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seclusion or interaction?
middot separation daily living seclusion or interaction?

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seclusion or interaction?

Written by  rabbi benjamin ehrenfeld

art-mountainpathRabbi Nachman of Breslov was a man devoted to inner spiritual growth, his and others. He is ubiquitously known for his method of hitbodedut: “making oneself alone.” At the same time, he liked to dress in the clothes of the average person and would spend time with the non-religious, sound familiar?

Rabbi Nachman saw his private spiritual endeavors as having the most meaning in terms of their impact on the world. The truth is that great people of piety are often known for striking an enviable balance between seclusion and interaction with the world: Rabbi Nachman, Mother Theresa, Moses, Abraham Joshua Heschel, Dr. Martin Luther King Jr., Rav Abraham Isaac Kook, Ghandi, King David, and Yeshua. To use an over-quoted statement: these people were deeply in this world and were very much not of it.

 

Balance in the middah of separation is something that can be difficult to cultivate. It is very easy for the urge towards seclusion to lead to self-serving “spirituality” that would enable a person to let the world burn without any protest. Without times for aloneness, however, the voice of God can become drowned out. This is why we are each called to separate from the machinations of a world in love with complacency, pleasure, and irresponsibility. This is not for the sake of letting the world fall apart. Rather, the purpose is so that we can stand as ambassadors of a better world. We need alone time with our Creator. We are also called to be creators and healers in this world. Both are important, and there are no ifs, ands, or buts about the matter.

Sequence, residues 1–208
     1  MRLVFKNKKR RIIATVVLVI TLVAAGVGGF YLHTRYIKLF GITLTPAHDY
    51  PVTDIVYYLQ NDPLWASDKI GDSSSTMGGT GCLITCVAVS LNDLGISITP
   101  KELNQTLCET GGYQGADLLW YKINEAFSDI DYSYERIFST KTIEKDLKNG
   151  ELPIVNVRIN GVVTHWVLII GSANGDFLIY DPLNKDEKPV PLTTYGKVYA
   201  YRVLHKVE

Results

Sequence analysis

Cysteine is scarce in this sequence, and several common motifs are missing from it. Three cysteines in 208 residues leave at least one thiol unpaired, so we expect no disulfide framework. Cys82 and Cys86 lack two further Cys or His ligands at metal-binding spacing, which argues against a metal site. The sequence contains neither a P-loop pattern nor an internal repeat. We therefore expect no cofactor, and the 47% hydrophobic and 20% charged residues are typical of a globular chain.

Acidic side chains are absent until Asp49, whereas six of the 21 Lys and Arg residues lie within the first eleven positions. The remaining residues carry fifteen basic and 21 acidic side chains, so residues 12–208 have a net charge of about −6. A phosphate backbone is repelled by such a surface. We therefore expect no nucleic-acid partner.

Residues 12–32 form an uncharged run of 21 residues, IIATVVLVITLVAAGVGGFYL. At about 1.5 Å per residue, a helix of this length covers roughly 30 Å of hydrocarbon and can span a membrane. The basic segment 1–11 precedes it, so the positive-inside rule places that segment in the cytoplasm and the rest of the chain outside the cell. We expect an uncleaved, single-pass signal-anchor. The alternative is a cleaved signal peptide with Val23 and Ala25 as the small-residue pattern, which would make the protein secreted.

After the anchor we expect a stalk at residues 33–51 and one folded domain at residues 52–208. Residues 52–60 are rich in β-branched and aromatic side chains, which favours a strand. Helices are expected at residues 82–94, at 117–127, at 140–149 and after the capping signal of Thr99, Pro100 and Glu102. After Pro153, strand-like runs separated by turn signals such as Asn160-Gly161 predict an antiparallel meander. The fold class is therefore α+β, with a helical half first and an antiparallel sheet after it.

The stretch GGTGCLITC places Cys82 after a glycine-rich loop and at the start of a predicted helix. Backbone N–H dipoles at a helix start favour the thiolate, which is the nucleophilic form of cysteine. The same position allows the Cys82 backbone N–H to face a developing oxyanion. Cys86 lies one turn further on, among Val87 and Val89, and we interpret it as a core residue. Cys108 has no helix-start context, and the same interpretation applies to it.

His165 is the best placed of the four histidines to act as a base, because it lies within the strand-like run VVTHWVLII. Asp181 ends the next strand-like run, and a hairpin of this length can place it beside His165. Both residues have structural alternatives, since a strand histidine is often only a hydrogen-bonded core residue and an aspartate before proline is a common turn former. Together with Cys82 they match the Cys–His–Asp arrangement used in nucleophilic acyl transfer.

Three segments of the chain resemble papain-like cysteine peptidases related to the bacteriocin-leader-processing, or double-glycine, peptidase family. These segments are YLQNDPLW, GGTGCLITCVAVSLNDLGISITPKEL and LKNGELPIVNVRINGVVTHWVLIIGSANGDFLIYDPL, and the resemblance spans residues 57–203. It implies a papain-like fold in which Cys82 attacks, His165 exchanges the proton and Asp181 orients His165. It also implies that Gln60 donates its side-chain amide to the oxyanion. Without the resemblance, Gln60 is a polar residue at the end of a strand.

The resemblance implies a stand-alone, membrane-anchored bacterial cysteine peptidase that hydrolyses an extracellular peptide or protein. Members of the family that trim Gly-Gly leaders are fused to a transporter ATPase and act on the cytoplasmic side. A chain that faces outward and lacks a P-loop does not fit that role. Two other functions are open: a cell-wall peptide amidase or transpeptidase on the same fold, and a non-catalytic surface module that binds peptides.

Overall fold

I am no master of piety, but I try my best to learn from masters of piety. There is one thing they all have in common: They spend time alone with God and they spend time with those who are distant from their world-view. Separation never meant shying away from the “tough stuff” of the world but it always meant drawing a line in the sand concerning matters of principle. This is indeed a very narrow bridge to travel, but the main thing is that we must not be afraid! Let us not be afraid to withdraw and seclude so that we can learn to stand in holiness in the midst of a very tainted world and be witnesses of, and participants in, its ultimate redemption.

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